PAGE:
Alice Savage, author of the forthcoming The Drama Book, has been doing plays with her students for a while now. But she wanted to know if the prosody practice her students have been doing with plays would transfer to other activities.
Her students have been using some of her plays in class. They’ve been focusing in particular on prosody practice (intonation, word stress, rhythm, gesture, and expressions) to express attitude and emotion when they speak. These skills using prosody are essential for effective spoken communication. But they’re only useful if students can use them in other settings.
So Alice decided to have them do a talk show activity (download the activity here). You may have heard of this kind of activity, or done it yourself. So you may prefer your own version.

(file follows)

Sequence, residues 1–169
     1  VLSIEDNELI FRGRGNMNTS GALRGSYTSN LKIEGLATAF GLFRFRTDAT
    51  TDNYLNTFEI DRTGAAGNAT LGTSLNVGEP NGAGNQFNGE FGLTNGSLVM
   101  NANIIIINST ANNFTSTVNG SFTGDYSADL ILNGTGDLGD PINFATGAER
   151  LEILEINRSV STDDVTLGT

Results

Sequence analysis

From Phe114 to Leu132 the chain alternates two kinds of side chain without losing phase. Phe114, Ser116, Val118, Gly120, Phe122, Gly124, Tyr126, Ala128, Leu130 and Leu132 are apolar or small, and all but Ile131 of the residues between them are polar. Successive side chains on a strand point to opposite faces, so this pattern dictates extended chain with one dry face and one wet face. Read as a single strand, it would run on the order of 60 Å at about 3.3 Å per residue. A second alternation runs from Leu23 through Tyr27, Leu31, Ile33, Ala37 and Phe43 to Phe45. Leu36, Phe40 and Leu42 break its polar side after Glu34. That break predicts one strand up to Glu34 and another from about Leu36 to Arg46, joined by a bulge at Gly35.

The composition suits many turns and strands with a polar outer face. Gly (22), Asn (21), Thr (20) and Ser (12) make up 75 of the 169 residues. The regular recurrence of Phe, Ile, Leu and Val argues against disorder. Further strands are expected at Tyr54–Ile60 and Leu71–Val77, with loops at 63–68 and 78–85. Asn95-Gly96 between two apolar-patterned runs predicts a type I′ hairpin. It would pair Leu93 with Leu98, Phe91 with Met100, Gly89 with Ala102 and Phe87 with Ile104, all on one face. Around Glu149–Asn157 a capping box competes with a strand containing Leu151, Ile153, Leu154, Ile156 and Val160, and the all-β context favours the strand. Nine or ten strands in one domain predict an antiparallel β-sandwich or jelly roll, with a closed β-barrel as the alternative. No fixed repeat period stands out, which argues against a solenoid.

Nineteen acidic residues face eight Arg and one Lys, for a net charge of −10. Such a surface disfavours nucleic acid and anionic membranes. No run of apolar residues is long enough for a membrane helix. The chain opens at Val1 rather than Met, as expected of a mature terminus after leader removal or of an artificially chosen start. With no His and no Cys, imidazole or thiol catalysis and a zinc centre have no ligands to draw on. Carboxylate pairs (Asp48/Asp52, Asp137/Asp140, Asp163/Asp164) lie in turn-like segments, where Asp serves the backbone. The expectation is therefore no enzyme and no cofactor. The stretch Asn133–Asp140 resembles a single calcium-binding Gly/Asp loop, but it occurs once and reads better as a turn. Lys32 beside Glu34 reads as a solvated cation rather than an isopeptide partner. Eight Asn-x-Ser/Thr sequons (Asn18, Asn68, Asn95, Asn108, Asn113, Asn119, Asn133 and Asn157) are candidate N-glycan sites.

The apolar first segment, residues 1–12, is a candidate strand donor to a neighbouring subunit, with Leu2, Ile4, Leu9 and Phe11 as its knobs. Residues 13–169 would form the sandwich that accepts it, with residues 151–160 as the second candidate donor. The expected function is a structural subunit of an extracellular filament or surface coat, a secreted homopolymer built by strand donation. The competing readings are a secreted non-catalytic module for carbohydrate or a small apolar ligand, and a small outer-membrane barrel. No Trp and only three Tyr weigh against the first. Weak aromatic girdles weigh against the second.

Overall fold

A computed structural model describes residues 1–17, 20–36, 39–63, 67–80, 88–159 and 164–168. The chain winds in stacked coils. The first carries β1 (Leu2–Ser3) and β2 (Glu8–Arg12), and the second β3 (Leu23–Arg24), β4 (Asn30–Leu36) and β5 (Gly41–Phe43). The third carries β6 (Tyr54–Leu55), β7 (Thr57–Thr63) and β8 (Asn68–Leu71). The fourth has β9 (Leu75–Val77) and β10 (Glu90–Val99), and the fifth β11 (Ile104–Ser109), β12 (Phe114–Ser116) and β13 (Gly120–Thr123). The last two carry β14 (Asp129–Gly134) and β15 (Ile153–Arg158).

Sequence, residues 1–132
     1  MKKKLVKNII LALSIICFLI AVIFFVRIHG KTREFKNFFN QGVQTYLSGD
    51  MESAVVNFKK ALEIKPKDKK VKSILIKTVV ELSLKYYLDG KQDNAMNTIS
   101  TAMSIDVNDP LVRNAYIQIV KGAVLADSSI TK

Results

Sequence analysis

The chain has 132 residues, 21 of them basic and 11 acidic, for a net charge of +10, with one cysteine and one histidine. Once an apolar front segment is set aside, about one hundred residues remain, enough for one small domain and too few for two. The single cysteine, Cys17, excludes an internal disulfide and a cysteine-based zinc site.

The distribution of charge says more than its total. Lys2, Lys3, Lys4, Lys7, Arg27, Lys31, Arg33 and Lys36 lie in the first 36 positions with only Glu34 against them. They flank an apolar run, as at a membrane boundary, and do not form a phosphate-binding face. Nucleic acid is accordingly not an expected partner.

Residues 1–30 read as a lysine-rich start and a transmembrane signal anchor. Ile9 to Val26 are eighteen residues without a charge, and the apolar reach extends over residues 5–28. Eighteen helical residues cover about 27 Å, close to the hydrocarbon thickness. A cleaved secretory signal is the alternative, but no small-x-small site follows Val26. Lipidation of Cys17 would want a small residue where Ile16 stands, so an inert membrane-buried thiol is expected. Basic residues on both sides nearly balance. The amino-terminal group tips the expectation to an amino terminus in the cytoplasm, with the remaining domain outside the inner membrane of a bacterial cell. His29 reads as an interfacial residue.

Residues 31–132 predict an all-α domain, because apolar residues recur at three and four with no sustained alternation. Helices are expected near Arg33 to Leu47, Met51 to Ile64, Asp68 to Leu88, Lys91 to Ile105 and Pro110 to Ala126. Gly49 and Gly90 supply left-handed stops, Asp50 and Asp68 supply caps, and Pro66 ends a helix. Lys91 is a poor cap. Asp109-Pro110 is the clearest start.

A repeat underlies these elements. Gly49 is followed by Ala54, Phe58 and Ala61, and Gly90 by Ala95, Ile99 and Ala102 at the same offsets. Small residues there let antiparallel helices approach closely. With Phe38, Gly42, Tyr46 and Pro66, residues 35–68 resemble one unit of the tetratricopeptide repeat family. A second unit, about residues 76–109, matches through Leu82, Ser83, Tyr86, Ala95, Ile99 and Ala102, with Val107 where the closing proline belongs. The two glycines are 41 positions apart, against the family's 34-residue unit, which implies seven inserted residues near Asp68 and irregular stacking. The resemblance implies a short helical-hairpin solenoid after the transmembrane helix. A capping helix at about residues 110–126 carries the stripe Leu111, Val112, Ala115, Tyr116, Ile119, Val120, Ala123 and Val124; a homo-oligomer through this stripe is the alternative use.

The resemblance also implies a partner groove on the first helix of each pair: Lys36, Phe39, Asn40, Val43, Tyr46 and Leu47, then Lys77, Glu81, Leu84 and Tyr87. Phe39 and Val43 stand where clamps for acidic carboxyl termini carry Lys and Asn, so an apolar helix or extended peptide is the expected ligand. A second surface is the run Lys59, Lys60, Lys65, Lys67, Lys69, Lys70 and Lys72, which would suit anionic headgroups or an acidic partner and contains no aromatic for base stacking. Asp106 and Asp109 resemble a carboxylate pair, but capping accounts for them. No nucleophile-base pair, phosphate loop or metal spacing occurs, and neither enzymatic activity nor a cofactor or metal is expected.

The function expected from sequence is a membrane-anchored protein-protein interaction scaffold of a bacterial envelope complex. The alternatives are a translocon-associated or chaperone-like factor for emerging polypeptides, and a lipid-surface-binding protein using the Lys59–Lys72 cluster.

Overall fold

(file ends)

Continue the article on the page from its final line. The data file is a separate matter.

But what I thought was very clever about Alice’s version was that it linked to her play work. In her version, the students are on a talk show to promote the play they are working on! And of course, a talk show or TV interview is a perfect context for using a broad range of verbal skills and prosody.
So did it work?
Alice says, “It was amazing! They joked, laughed and used emotional intonation beautifully. And as I noticed in the previous course, it felt as though their personalities had emerged.“
Communication skills can transfer from drama work to other contexts, which is very exciting. And as Alice hints, prosody opens up a whole new social world. Students can show warmth or annoyance or amusement as they speak. That may not be important for tourists or business travelers, but for people who want to live, work, and thrive in a foreign country, it’s very important!
This activity was originally posted on Alice’s blog at https://englishendeavors.org/2019/06/22/a-talk-show-simulation-to-promote-a-play-or-movie/